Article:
How Do You Get To Carnegie Hall?

 
How Do You Get To Carnegie Hall?

If you are going to deliver an effective message, one that your fellow members can understand and pass on to others, you need to prepare and practice.

I have visited more than 100 different networking groups and would estimate that half the members of any Chapter have given almost no thought to their one-minute presentation.

Of the remaining half, I would say 50% have an idea of what they are going to talk about but have done nothing more than think about it. It is only the last group, just one-quarter of the Chapter, who have actively prepared for the meeting.

Isn’t that a disappointing thought? Here you are, sitting in your networking group, probably the most important meeting you have each week, a meeting that has the potential to provide you with high quality and qualified business opportunities, yet three out of four people have not fully prepared for it. How would you react, if three out of four members of your sales force could not be bothered to prepare for your regular sales meeting?

Anyone who knows anything about the successful transference of knowledge, and let’s be honest that is what you are trying to do in your one-minute presentations, understands that unless you prepare an easy to understand, easy to deliver and accessible message, you are wasting your time.

You need to prepare and plan a one-minute marketing campaign. Yes, I said marketing campaign. You need to think about and plan the topics you are going to cover (see the chapter about planning for more information), write and prepare the content, and then practice to deliver them effectively.

I suggest that you allocate 15 minutes, the day BEFORE your meeting, to recap what you are going to talk about and practice your one-minute presentation and to check it fits in with your overall plan (plans can change) and it is relevant to the meeting. If you can practice with someone within your company, they will help you by giving their feedback on the message and its delivery. If you work by yourself, get your spouse or a friend to help you, but remember you need to ask them to be brutally honest.

Do not get embarrassed about performing in front of people in your office, home, or on your job site. After all, the next day you are going to deliver it to 30 people who know and trust you, as well as some visitors you have never met, so you need to be effective. Do you think that great actors walk on stage and just say the first words that come into their heads? No, they prepare and practice.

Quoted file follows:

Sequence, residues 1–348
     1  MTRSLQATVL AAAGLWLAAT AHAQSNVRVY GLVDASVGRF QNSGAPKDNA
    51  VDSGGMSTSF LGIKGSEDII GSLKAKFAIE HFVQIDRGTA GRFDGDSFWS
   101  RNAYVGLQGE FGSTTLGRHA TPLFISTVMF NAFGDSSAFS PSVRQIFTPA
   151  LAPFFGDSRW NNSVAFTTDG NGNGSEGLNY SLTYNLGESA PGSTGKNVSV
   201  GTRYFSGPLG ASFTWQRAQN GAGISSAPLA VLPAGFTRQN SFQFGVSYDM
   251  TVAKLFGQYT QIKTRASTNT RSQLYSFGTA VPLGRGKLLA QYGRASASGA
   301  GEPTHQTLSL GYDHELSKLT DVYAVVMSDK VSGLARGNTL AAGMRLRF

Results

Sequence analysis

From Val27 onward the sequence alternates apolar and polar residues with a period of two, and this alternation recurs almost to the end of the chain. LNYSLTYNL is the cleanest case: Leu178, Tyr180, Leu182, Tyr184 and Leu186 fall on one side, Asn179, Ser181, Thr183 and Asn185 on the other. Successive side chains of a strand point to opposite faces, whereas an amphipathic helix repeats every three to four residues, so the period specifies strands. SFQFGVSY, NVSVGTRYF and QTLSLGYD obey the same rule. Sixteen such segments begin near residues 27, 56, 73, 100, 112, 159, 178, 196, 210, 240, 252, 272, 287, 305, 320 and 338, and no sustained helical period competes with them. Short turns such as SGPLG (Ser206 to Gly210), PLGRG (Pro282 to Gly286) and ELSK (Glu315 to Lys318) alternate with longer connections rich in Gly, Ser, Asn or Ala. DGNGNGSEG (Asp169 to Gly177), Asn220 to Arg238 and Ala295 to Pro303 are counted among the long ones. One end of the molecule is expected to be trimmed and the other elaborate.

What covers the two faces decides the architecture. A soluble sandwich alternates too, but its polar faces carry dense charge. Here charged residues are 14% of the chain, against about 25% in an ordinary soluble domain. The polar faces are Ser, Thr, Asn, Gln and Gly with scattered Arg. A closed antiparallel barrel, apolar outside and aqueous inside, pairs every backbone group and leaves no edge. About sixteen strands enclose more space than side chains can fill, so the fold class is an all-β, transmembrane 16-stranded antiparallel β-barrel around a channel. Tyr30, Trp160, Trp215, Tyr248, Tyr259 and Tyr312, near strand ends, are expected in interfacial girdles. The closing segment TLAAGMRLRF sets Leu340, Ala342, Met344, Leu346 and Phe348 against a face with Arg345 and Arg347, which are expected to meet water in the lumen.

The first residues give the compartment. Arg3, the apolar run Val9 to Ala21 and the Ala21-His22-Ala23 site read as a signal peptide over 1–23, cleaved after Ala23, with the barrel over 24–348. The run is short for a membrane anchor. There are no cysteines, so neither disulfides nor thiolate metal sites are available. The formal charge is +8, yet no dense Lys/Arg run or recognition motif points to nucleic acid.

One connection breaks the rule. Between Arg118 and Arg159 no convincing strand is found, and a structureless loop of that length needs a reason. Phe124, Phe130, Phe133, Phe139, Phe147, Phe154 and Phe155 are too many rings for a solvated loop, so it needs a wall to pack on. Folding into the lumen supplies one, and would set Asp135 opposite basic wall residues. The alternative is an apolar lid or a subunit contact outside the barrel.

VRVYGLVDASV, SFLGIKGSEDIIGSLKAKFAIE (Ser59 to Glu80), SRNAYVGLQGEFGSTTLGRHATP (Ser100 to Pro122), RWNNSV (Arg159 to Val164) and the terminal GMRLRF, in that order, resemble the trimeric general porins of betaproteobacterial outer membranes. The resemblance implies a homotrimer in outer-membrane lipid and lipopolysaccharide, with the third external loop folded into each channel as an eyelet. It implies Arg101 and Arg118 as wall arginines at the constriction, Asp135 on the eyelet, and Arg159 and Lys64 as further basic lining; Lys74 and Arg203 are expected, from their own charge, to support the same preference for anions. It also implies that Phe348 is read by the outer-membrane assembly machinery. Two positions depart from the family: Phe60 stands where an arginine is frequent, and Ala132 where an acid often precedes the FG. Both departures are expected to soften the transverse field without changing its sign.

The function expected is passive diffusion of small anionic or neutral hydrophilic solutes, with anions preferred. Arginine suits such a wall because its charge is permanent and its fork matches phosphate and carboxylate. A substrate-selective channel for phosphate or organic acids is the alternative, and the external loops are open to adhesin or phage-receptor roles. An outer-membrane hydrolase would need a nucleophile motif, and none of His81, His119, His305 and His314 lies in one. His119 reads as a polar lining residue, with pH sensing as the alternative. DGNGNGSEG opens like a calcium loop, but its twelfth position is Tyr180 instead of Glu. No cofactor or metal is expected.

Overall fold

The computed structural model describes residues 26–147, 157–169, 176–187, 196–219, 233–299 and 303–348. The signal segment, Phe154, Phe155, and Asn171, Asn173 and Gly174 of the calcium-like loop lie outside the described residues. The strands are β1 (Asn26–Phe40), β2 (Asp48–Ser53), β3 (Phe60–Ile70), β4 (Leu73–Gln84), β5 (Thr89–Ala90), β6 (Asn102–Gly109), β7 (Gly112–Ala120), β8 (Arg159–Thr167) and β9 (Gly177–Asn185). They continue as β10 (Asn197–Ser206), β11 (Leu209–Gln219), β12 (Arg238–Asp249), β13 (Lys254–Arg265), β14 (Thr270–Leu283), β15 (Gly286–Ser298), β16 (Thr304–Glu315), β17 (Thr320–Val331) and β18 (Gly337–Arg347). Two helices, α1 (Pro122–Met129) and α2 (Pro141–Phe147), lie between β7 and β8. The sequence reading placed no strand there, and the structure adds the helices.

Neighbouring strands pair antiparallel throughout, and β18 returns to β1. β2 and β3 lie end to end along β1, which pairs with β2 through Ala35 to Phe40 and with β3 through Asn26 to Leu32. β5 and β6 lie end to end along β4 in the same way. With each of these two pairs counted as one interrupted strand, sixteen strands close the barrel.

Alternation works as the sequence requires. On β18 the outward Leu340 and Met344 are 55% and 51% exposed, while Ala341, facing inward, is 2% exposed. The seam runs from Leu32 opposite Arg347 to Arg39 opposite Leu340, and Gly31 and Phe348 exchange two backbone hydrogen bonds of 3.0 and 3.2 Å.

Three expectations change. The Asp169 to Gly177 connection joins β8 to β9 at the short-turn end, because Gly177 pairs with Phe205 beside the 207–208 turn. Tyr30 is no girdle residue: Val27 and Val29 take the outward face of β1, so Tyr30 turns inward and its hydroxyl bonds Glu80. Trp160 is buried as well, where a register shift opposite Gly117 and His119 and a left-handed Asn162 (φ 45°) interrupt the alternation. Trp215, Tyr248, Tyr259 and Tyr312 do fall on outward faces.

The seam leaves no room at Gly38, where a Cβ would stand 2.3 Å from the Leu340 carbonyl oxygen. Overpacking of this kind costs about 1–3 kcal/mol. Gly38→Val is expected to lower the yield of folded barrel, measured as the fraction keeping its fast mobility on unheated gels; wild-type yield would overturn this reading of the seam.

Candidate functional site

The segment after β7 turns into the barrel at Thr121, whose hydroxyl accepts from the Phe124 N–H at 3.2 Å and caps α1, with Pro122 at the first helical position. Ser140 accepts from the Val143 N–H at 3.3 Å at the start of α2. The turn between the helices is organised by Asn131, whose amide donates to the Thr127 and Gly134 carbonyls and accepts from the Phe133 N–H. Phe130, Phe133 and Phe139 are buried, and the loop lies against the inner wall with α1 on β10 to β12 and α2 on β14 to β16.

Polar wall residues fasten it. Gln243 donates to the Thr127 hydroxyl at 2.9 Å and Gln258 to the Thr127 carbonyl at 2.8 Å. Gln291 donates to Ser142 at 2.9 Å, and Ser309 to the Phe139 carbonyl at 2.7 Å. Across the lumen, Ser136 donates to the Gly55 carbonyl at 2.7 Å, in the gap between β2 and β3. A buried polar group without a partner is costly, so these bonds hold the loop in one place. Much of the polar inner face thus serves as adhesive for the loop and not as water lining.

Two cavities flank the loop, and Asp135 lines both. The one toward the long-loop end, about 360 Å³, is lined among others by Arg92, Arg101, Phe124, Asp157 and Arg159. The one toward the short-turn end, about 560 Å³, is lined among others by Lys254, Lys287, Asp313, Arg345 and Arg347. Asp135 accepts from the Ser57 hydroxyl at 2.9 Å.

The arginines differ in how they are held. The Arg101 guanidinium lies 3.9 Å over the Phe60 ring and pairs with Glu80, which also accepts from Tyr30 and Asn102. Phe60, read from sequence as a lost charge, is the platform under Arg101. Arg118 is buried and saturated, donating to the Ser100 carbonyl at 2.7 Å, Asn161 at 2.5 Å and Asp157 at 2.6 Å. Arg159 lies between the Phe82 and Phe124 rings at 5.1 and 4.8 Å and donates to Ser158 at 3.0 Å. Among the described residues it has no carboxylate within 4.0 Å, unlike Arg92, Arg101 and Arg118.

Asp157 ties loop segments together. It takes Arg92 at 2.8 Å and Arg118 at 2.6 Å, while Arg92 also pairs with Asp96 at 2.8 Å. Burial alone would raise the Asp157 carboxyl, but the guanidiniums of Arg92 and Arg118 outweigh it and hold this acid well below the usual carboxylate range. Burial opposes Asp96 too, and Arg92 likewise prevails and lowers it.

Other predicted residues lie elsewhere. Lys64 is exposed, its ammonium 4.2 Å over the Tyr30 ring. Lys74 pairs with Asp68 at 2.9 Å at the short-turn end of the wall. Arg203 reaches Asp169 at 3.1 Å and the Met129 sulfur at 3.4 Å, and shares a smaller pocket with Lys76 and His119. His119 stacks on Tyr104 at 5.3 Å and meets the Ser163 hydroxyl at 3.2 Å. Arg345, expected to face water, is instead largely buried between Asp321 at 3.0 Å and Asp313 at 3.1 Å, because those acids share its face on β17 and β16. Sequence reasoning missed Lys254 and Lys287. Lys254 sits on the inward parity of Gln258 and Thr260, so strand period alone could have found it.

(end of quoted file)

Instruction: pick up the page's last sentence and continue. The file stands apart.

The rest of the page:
One group of people you should try to practice in front of is your family. You will find this the hardest as you know they will be totally honest, because they love you, and want you to do the best you can. They will ask the tough questions and help you to make your presentations so much better. Remember, their honesty is what you need to help you create effective messages.

On the way to the meeting, you should be practicing the one-minute presentation you are about to deliver. The car is a suitable place to do this as you can talk to yourself and no one will think you are a little unhinged. Practicing on the bus or train is a little less effective as you become self-conscious. You need to ensure that the first time your fellow member's hear your presentation, it is not the first time they are being said by your mouth.

I try to write my presentations down exactly as I want to say them, sort of like writing a script for an actor, and then I learn my lines. When I deliver my message, I will have the written words in front of me, but they are there only as a backup, for a ‘brain freeze' situation, or if I lose track of what I am saying. See below for a simple and effective memory aid for your presentations. It was shared with me by Mr Peter Mitchell (Google him - his website is down at the time of writing this book), he is a trusted profit coach and helps people to make more money.

I guess now is an appropriate time to talk about stage fright. Even the most confident speakers get it! But it is the way you channel the nervous energy stage fright gives that makes the difference. Stage fright is great as it lets you know you are moving out of your comfort zone and are ready to perform effectively. I love the little feeling of apprehension I get before I speak in public. I use that feeling to power me up, and it becomes the fuel to add power to my presentation.

So, you have prepared, practised, and are delivering targeted and scheduled messages, so what happens next?

Well, if you have done it right, the level of knowledge and understanding your fellow members have for your company will rise, which should translate into an increase in the referrals you will receive. Remember your presentations are aimed at preparing them to find referrals, it is about education not selling.

Additionally, you should not be afraid to ask for feedback about your presentations. Ask a selection of members if your delivery was effective, if they understood the message, and if it gives them what they need to talk with confidence when they are trying to refer you. It is an important thing to discuss in a Recon Meeting.

How do you get to Carnegie Hall? Everyone knows that, practice, practice, practice!

Stage fright proves you are alive!